"It's tough getting younger workers," he said. "They are turning
to the high tech companies, which stole a lot of workers out of oil
and gas a few years ago."
Though it has not implemented any formal policies, TIPRO has
considered helping oil and gas companies with their recruiting.
However, Fleming points out that the very nature of their business
makes many of the companies handle employment on their own.
"They are independent," he said. "We might get more involved in
issues like worker training and education, but it's difficult to
get an owner or staff to come to Austin to learn about how to
recruit over coffee. They've got work to do."
The problem is not short term either. Ronald Barone, a
PaineWebber analyst, said that the very nature of the business
makes some prospective employees probably consider other types of
jobs because they could face almost certain unemployment at the
next downturn in the industry.
"Why should anyone go back to the energy patch when they could
be out of work in a few months?," questioned Barone. He said the
strong U.S. economy has sent prospective employees toward more
certain areas of growth and stability, such as the computer
industry, and moving prospective workers back to the energy patch
won't be easy. Barone said he hears oil and gas company executives
talk about the worker shortage, but they seem to have no answer for
what to do. "It is an issue," said Barone.
Even tempting workers who have to stay employed, such as
recruiting prison parolees, has not been the answer for land-based
E&P companies. Recently, some Oklahoma drilling operators were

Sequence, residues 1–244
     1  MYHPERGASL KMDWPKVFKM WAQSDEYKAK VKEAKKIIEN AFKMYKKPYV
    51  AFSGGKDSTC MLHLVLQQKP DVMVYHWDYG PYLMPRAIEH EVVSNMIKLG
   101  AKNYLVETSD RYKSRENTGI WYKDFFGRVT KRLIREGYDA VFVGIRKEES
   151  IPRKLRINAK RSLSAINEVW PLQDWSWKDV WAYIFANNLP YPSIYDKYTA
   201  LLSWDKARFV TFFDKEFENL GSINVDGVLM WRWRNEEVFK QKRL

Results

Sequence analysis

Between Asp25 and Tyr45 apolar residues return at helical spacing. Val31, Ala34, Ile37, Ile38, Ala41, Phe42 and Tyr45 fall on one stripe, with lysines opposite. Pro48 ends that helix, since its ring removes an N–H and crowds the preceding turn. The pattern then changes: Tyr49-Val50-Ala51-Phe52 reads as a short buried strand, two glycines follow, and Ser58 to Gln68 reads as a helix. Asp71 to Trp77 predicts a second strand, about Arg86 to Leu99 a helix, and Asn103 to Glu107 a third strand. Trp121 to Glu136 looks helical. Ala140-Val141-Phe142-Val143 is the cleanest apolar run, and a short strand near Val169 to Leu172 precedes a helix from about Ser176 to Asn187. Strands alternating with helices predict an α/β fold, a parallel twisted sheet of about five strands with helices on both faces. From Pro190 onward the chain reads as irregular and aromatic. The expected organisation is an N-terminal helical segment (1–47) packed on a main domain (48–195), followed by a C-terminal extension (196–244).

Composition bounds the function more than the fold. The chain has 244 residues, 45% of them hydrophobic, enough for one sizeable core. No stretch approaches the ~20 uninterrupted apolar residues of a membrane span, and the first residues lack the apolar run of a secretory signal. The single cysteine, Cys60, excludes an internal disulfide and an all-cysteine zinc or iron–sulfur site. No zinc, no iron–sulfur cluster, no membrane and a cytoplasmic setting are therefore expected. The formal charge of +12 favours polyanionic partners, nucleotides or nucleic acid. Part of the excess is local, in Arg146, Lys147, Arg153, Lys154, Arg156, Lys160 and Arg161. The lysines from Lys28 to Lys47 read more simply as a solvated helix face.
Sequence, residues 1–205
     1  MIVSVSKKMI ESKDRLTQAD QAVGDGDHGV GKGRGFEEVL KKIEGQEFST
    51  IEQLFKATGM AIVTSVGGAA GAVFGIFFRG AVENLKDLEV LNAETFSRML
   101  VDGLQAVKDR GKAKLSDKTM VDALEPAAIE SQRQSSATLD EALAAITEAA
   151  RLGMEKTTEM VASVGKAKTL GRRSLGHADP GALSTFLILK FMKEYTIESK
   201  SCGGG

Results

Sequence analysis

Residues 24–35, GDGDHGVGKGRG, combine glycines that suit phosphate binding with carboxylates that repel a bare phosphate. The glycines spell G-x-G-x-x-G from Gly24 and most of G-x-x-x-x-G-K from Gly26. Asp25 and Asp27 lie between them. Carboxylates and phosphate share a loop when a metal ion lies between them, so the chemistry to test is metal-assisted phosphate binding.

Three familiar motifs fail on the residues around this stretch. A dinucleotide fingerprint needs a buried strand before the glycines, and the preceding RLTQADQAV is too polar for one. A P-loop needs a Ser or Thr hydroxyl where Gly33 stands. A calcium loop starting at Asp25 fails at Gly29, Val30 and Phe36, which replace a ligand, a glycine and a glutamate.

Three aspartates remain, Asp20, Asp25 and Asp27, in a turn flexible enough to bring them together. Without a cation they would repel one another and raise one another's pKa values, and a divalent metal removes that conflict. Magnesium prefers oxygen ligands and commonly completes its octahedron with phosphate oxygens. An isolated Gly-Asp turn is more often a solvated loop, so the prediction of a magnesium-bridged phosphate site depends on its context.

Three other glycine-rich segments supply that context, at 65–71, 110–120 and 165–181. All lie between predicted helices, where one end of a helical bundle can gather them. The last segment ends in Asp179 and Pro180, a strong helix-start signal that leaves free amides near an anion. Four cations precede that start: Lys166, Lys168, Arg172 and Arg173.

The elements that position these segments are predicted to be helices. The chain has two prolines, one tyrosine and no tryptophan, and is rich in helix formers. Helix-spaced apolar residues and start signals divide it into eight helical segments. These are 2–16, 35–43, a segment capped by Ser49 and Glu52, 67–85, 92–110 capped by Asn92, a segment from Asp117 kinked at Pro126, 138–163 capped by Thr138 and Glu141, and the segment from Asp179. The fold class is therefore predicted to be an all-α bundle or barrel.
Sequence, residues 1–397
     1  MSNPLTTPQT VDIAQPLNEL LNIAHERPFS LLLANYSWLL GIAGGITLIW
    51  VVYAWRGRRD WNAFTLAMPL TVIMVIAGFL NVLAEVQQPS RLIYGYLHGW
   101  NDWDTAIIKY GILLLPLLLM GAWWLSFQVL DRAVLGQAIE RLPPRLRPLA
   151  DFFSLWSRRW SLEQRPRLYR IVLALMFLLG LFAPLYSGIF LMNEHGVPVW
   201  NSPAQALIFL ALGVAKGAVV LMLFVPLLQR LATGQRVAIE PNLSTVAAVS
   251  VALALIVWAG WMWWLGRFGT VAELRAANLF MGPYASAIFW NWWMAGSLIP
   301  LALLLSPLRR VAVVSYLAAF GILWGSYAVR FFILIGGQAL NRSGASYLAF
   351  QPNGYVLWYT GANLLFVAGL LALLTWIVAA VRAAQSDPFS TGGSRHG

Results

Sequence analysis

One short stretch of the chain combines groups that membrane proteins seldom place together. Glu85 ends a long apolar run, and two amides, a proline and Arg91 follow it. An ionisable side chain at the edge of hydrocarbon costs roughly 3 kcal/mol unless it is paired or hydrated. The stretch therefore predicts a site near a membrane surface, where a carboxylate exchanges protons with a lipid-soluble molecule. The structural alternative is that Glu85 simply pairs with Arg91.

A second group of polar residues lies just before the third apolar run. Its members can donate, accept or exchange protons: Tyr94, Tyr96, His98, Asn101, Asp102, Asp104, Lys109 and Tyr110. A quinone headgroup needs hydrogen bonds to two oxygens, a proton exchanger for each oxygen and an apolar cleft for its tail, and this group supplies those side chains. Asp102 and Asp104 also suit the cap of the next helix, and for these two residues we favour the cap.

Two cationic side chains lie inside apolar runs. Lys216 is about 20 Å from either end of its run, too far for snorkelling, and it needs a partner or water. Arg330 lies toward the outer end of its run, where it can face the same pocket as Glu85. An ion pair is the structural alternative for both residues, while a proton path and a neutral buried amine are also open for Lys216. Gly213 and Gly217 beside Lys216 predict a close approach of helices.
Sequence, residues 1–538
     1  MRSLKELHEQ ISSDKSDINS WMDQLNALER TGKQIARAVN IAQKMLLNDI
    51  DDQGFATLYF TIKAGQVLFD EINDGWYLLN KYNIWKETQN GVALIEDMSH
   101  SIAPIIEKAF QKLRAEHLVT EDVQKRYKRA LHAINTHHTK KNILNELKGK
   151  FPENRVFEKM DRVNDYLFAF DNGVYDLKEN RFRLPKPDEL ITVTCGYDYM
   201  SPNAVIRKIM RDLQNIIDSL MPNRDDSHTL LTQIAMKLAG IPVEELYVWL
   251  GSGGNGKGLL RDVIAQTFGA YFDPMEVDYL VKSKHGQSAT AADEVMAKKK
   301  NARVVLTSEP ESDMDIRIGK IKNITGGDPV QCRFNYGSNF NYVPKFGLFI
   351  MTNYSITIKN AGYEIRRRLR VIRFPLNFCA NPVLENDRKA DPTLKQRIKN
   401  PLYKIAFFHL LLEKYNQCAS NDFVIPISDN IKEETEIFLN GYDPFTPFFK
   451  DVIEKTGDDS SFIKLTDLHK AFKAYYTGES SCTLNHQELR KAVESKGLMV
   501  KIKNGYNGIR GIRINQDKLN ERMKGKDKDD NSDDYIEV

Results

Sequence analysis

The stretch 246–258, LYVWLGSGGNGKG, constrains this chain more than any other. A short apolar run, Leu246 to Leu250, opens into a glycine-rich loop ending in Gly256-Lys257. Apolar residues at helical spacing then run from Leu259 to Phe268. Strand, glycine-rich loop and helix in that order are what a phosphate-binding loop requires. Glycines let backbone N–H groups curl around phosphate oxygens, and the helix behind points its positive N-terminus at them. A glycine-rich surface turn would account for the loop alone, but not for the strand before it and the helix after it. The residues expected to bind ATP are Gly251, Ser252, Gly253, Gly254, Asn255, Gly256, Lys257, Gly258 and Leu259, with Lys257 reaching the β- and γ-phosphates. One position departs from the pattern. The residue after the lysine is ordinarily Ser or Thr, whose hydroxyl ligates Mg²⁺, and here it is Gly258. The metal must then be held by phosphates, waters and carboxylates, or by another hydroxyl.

quoted as saying they actively recruit prison parolees, even going
so far as to wait outside prison gates to talk to those being
released. However, many in the industry, and even officials at
Texas Department of Criminal Justice (TDCJ) think that recruitment
idea is far-fetched and short term.
In fact, the TDCJ implemented a worker training program
specifically designed for the oil and gas industry three years ago.
Prospective workers were trained at the Abilene, TX roughneck
school for oil and gas jobs. The program, still available, has not
done well despite extensive training and a wealth of job
"It's unfortunate, but most of the training and the jobs are in
rural communities and the ex-prisoners don't get to reunite with
their families and they are usually far away," said Dr. Virginia
Ross a program specialist in cognitive intervention with TDCJ. "The
jobs are good, but it hasn't always worked out too well."
TIPRO's Fleming said the idea is a good one, and would be worth
continuing, but he said that workers come into the business based
on the very nature of it - such as the dangerous aspect of it, and
the idea of working outside. Those who stay in the business stay
because they love it, said Stanton Mineral's Long.
"The nature of what we do is that you have to love it," Long
said. "It's not as sexy as say, a high tech job right now. And
we've got a real need for domestic workers. Twenty years ago, this